If HMRC challenge a valuation and find that it's wrong, the person responsible for paying ATED may have to pay penalties as well as the increased ATED payable, plus interest for late payment.
You can ask HMRC to confirm your view of the appropriate banding of the property by sending your valuation for a Pre-Return Banding Check (PRBC). Please note, a PRBC will only be available to those who reasonably believe that their property valuation falls within a 10 per cent variance of a banding threshold.
HMRC will only confirm that they agree to the banding proposed and not the specific valuation of the property. That confirmation must not be used for any other purposes.
In some cases, the inside of the building might need to be examined as part of the check. HMRC will be able to enquire into returns and challenge valuations, but they will normally be able to accept valuations prepared by a professional property valuer.
You must send your completed return and payment by 30 April at the beginning of each ATED period. An ATED period lasts for one year and begins on 1 April.
For the first year of ATED only, which is the full 12-month period beginning 1 April 2013 and ending on 31 March 2014, there is a transitional arrangement, the return will be due by 1 October 2013 and payment will be due by 31 October 2013.
For the ATED period beginning 1 April 2014 and for all future years, the return and the payment will be due by 30 April. For example, for the ATED period 1 April 2014 to 31 March 2015, both the return and payment are due by 30 April 2014.
If your dwelling first falls within ATED on a date after 1 April in an ATED period, then the return and payment are due within 30 days where purchased or 90 days where the dwelling is newly built. For example, if you buy a property on 1 July, your return and payment would be due on 31 July.
If you don't complete and send HMRC a return or payment, or you send it late or make a mistake on it, you may have to pay a penalty and interest.
If you know you might need to pay ATED (you're 'potentially liable') for a dwelling then you need to complete and send a return. If there's a relief available that means that you don't have to pay ATED, you can only claim it by completing and sending a return to HMRC. A late filing penalty will still apply even if there is a relief that reduces the liability to nil.
If a dwelling that falls within ATED is jointly owned, all the owners are jointly responsible for completing and sending the returns and payments.
If you own a number of dwellings, each of which is liable to make a payment of ATED, you will need to complete one return per dwelling. So where there is a liability to pay ATED, one return must be completed per dwelling.
If you wish to appoint an Agent to act on your behalf, the best and easiest way to authorise them is for you to complete the ATED return (or the PRBC form) and send it to HMRC having ticked the box to give authority to your agent to enter into correspondence with HMRC on your behalf. HMRC will only enter into correspondence with an agent where we hold authority from you to do so.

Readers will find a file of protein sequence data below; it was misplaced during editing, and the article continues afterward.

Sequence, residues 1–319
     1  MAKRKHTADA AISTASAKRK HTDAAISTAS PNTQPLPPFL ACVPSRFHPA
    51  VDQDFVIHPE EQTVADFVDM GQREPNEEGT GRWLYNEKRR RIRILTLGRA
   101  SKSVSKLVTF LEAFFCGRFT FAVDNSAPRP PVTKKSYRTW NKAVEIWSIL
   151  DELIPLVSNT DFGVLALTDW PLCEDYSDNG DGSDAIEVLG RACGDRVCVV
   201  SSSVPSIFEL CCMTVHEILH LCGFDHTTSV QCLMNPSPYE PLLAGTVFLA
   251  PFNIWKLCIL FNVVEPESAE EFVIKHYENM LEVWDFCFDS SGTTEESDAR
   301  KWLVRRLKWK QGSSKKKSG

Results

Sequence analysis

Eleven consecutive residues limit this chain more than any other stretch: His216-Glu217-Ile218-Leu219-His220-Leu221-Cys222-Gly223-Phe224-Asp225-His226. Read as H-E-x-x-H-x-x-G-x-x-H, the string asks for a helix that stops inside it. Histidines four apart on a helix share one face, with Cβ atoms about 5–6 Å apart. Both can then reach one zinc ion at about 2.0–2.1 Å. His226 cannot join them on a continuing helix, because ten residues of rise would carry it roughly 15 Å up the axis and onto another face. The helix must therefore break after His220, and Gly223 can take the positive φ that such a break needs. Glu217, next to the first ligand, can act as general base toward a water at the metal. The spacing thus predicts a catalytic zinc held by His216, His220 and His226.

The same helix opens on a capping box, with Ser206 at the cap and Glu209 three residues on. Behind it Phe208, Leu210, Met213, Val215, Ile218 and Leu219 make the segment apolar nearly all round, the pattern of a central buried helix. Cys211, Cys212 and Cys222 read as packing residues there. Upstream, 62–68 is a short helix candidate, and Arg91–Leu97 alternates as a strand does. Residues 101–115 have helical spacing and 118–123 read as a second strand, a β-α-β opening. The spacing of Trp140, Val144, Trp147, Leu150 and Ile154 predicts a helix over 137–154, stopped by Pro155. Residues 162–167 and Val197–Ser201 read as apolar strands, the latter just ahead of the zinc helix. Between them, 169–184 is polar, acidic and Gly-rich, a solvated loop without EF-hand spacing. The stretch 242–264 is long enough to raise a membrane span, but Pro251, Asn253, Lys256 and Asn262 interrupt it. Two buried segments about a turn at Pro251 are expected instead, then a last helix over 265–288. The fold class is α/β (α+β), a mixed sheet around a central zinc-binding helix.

Alternatively you can write to or email HMRC at the addresses shown below authorising your agent to act on your behalf:
ATED process team
Email to: ATED process team
Please note: agents who have submitted a form 64-8 to HMRC for other tax matters will not be able to rely on this as it does not cover Annual Tax on Enveloped Dwellings.
You'll be able to pay ATED by:
You'll also be able to pay by post but HMRC recommends you pay electronically using one of the methods listed above.
Follow the link below to read more about how to pay ATED, including how to pay electronically.
There are reliefs that might lead to you not having to pay any ATED. You can only claim these by completing and sending an ATED return.
A dwelling might get relief from ATED if it is:
A separate return is required for each property claiming a different relief. If you are claiming the same relief for more than one dwelling HMRC will accept a single return. However you must still send the same details for each property as required on the return.
The property details for the other dwellings must be provided in a PDF file with 'ATED RELIEF' in the title and sent to HMRC by email at the same time as the return is filed. You can do this by using the 'additional information' email address shown in the property section of the return. The information you must provide (in a PDF file) must include:
You should use the online ATED return form to notify HMRC of a change of circumstances which may result in a repayment of tax already paid for the year or further tax being due.
To claim a repayment of ATED you must amend your ATED return by ensuring the 'amended return' and 'submitting a repayment return' boxes are ticked. You must enter a reason for the repayments, for example you have sold the property.
If your dwelling falls within the scope of ATED, then regardless of any reliefs that may apply, you will need to complete and send HMRC a return, on which you can claim any reliefs that may be due.
Before you complete the return, you will need to value the dwelling and decide whether you want to ask for a pre-return banding check (PRBC). This must be done well in advance of the filing deadline as penalties will still apply if a return is due and not received.
The return for the 12 month ATED period beginning on 1 April 2013 must be completed online by 1 October 2013. Or, if sent in paper form, HMRC should receive it by 1 October 2013.
There may be occasions when you disagree with a decision made by HMRC. If this happens, you may be able to challenge the decision by appealing. When HMRC makes a decision, which you can appeal against, they write and tell you.
You can appeal against:
You have 30 days from the date of the decision to write and tell HMRC the grounds on which you are appealing the decision. You should write to:
Follow the links below for further information about penalties and how to appeal against an HMRC decision and the options available to you if you and HMRC are unable to agree.
If you have a query relating to ATED you can contact the HMRC ATED helpline. More technical queries will be referred to a specialist who will respond to you as soon as possible. At busy times there may be a delay in receiving a response but do not defer sending a return by the deadline as late filing penalties may still apply if a return is due.